The United States is followed by other industrialized countries like Denmark, New Zealand, Canada, and Switzerland based on average annual per capita municipal waste generation.

CountryAverage Annual per Capita Municipal Waste Generation (kg)
🇺🇸 United States809
🇩🇰 Denmark781
🇳🇿 New Zealand727
🇨🇦 Canada706
🇨🇭 Switzerland706
🇮🇸 Iceland656
🇮🇱 Israel644
🇩🇪 Germany633
🇮🇪 Ireland616
🇱🇺 Luxembourg607
🇦🇹 Austria570
🇦🇺 Australia560
🇫🇷 France514
🇳🇱 Netherlands513
🇫🇮 Finland510
🇬🇷 Greece504
🇮🇹 Italy489

Compared to those in developed nations, residents in developing countries are more severely (Read more...)

OpenAI CEO Sam Altman | AI for the Next Era


This post is by Greylock Partners from Greymatter


Greylock general partner Reid Hoffman interviews OpenAI CEO Sam Altman. The AI research and deployment company's primary mission is to develop and promote AI technology that benefits humanity. Founded in 2015, the company has most recently been noted for its generative transformer model GPT - 3, which uses deep learning to produce human-like text, and its image-creation platform DALL-E. This interview took place during Greylock’s Intelligent Future event, a day-long summit featuring experts and entrepreneurs from some of today’s leading artificial intelligence organizations. You can watch the video of this interview on our You can read a transcript of this interview here: https://greylock.com/greymatter/sam-altman-ai-for-the-next-era/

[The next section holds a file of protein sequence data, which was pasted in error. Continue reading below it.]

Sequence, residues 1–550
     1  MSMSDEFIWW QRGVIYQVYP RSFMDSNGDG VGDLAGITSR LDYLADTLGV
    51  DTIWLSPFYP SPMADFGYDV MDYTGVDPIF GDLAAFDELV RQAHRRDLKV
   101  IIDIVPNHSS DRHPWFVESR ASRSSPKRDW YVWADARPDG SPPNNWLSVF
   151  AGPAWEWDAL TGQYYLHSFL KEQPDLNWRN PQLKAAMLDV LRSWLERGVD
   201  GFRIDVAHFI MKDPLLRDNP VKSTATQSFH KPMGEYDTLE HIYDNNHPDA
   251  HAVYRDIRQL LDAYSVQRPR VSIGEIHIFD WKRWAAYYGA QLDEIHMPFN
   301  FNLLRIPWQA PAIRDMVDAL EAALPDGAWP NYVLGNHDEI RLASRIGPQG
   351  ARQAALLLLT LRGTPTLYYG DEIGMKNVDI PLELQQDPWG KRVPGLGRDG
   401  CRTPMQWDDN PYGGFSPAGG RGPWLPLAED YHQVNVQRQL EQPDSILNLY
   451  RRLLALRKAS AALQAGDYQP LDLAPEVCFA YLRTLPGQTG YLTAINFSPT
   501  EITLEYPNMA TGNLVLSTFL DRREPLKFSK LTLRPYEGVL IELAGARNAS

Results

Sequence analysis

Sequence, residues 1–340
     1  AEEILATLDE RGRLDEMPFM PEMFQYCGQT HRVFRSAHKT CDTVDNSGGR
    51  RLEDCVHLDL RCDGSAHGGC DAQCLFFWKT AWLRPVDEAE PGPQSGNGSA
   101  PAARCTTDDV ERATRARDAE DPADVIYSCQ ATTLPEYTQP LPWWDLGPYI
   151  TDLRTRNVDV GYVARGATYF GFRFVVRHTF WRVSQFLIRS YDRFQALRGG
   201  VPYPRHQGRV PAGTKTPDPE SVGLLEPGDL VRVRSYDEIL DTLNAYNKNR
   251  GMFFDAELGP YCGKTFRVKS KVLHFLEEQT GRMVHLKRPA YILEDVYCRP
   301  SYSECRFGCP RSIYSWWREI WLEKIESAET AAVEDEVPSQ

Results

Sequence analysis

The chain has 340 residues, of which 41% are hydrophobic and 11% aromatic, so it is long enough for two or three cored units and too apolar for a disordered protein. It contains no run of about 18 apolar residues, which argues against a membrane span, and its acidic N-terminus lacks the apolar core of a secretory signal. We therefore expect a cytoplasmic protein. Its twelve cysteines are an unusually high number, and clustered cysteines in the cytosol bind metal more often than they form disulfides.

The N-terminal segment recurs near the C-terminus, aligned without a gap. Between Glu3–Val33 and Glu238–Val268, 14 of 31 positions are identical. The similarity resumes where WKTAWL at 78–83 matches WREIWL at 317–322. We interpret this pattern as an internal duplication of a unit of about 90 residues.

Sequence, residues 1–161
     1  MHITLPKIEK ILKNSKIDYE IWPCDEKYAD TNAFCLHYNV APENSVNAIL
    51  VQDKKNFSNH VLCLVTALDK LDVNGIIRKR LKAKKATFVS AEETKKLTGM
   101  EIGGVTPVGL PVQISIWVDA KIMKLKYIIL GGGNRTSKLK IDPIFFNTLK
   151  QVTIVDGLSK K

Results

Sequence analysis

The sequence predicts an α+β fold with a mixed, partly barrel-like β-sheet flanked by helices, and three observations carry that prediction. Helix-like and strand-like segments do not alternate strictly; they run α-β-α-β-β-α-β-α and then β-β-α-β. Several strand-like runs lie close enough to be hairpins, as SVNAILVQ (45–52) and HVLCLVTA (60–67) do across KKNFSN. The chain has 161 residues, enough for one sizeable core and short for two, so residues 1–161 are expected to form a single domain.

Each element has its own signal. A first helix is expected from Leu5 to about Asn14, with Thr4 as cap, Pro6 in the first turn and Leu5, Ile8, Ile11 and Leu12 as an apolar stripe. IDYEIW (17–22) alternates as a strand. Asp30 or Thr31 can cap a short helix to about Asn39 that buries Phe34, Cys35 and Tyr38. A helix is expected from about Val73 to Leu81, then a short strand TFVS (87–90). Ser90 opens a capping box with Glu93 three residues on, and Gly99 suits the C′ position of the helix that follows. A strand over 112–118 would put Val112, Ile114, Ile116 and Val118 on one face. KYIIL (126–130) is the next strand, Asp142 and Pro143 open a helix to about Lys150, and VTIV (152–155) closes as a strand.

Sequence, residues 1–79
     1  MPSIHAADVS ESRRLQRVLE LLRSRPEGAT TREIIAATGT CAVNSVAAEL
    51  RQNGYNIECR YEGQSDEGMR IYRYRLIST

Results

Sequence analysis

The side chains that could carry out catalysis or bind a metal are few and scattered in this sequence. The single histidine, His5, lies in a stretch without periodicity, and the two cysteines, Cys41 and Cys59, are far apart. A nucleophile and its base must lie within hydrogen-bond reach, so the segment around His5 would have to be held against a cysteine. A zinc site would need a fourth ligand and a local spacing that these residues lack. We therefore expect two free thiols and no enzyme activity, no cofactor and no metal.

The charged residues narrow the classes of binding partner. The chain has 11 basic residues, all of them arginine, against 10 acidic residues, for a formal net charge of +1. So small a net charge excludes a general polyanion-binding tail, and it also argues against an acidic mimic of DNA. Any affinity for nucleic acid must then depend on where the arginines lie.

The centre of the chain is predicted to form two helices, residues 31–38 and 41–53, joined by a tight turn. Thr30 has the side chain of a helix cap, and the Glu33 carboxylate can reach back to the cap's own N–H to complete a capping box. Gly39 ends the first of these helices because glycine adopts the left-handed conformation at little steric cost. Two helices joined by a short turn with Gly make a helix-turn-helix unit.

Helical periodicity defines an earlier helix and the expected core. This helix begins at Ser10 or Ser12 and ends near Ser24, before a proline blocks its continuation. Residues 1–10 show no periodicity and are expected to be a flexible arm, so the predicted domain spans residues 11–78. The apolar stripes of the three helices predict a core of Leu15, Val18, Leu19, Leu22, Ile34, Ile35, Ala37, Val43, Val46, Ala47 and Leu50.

Our Cities Have an API Problem. Startups Can Fix It.



“Cities are technological artifacts,” Kevin Kelly once wrote, “the largest technology we make.” What if we looked at America’s cities not metaphorically as tech, but literally as a technological system? Rather than fighting about politics, we’d ask our cities the mundane questions that engineers and entrepreneurs ask about any other technology: “Is it expensive to... Read More

The post Our Cities Have an API Problem. Startups Can Fix It. appeared first on Future.

Welcoming Dave Hafford to the Team